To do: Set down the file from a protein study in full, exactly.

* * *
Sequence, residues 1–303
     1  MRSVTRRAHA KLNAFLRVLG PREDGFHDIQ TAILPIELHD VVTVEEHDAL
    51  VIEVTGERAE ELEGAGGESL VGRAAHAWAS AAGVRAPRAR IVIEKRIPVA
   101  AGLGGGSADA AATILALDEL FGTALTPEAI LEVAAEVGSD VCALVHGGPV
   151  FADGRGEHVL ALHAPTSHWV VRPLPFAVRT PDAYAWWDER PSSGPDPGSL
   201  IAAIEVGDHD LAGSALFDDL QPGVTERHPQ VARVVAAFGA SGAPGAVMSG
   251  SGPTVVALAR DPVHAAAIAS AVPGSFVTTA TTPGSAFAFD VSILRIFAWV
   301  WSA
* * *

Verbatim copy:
Sequence, residues 1–303
     1  MRSVTRRAHA KLNAFLRVLG PREDGFHDIQ TAILPIELHD VVTVEEHDAL
    51  VIEVTGERAE ELEGAGGESL VGRAAHAWAS AAGVRAPRAR IVIEKRIPVA
   101  AGLGGGSADA AATILALDEL FGTALTPEAI LEVAAEVGSD VCALVHGGPV
   151  FADGRGEHVL ALHAPTSHWV VRPLPFAVRT PDAYAWWDER PSSGPDPGSL
   201  IAAIEVGDHD LAGSALFDDL QPGVTERHPQ VARVVAAFGA SGAPGAVMSG
   251  SGPTVVALAR DPVHAAAIAS AVPGSFVTTA TTPGSAFAFD VSILRIFAWV
   301  WSA